When it was time for Pastry Arts student (now graduate) Christina Siegl to go on externship, she looked across the Atlantic seeking a position abroad. Today Siegel remains in Germany, working as garde manger at the historic four-star Malteser Komturei Hotel Restaurant in Herrenstrunden. She tells about the best parts of living and working abroad, the wisdom of her Auguste Escoffier School of Culinary Arts chefs, and how love, in addition to fine cuisine, keeps her in Deutschland.
Escoffier: How did you decide to go abroad?
Siegl: When I first started to think about an education in food I always knew I wanted to work abroad to learn different cuisines. Luckily for me I have dual citizenship with Germany and the United States. My father was living in Cologne at the time and said he found an externship location for me in Bensberg. It was very easy for me to decide that Germany was a good starting place.
Escoffier: What is your favorite part about working abroad?
Siegl: Being exposed to so many different cultures all in one place. At my restaurant alone we have Italian, German, Turkish, American, and Indian workers in the kitchen. I always love to have the opportunity to hear and learn bits and pieces of different languages.
Escoffier: Tell us about your entry role – your externship.
Siegl: For my externship I did four different stages at Schloss Bensberg: one with the night baker doing breads and pastries, one at Restaurant Vendôme working with Chef Joachim Wissler, one in the pastry kitchen making all of the desserts for the banquet events and the next door restaurant Trattoria Enoteca where I did my last stage.
Escoffier: What a great experience! You decided to stay; how did you get your current job?
Siegel: I decided to stay after the sous chef of Enoteca and I fell madly in love. The restaurant manager of Enoteca told me that a friend of his owned a restaurant and was in need of a chef as soon as possible, and that if I was interested he would take me for an interview the next day. Naturally, I said yes. The next day I had an interview, and the day after that I spent the day in the kitchen with the kitchen chef where I got to see how the restaurant operates. After this, I met with the restaurant owner and the kitchen chef and they offered me the position of chef garde manger at Malteser Komturei Hotel Restaurant in Herrenstrunden, Germany. I do à la carte lunch and dinner service as well as catering and banquet events. Basically I am in charge of all the starters and desserts for the restaurant. The cuisine is German with a Mediterranean influence.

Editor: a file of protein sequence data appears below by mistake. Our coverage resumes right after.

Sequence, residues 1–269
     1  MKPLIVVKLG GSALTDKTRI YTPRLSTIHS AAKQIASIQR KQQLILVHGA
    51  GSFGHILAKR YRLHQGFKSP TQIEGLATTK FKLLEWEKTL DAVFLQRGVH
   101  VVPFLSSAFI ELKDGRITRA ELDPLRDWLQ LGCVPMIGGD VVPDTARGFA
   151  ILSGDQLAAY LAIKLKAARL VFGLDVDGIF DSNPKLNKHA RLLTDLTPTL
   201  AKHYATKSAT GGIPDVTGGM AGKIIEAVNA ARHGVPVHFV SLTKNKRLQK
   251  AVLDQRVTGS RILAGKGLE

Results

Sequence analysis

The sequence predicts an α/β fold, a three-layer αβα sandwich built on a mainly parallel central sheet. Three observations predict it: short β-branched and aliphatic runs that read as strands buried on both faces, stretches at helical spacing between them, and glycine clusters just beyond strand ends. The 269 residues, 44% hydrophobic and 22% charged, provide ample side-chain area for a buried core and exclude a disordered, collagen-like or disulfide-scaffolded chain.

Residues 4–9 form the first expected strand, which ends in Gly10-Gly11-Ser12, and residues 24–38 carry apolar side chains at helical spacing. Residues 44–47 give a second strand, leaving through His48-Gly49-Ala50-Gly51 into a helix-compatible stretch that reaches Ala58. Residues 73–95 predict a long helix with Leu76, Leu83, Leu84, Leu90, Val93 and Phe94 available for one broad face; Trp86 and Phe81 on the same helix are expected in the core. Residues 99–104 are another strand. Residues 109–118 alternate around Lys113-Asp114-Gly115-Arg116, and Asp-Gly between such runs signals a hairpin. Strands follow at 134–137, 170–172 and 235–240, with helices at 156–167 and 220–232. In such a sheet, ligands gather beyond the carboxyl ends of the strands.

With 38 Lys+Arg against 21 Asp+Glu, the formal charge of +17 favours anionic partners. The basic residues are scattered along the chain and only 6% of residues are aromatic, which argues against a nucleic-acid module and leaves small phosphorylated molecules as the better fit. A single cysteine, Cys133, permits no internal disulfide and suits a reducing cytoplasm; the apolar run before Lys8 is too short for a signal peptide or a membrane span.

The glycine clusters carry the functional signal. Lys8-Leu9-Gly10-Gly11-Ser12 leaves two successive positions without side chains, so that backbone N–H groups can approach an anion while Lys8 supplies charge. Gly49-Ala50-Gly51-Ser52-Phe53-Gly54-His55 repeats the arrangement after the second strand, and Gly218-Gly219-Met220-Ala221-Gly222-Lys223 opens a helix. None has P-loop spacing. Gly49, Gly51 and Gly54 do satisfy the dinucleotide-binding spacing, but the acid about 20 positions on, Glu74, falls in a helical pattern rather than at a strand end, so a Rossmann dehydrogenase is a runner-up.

Escoffier: What’s your favorite part about your job?
Siegl: My favorite part of my job is that I learn something new every day. My chef has told me that there are three ways to cook everything: the classic way, the fast way, and your own way. The more chefs you work with, the more tricks you pick up which you can integrate into your everyday work so you can figure your own way out – I get to work with three other chefs and go home to a chef every day.
Escoffier: How did school prepare you for your current role?
Siegl: School provided me with a good foundation to build off of. Doing a little bit of everything gives the ability to recognize how something you haven’t made before is similar to something you have. Working in the kitchen at school was good practice for the real world. The most important lesson I learned from Chef Amy was “Feet under you!” (Never stand with one foot out; someone will eventually trip on your feet if they’re not under you.) You have no idea important those three words are.
Escoffier: Any advice you can share with a soon-to-be graduate?
Siegl: Take in as much as you can from your chef instructors! School goes by much faster than you would think, so take advantage of the time you have with them. And keep an open mind; you can learn much more this way.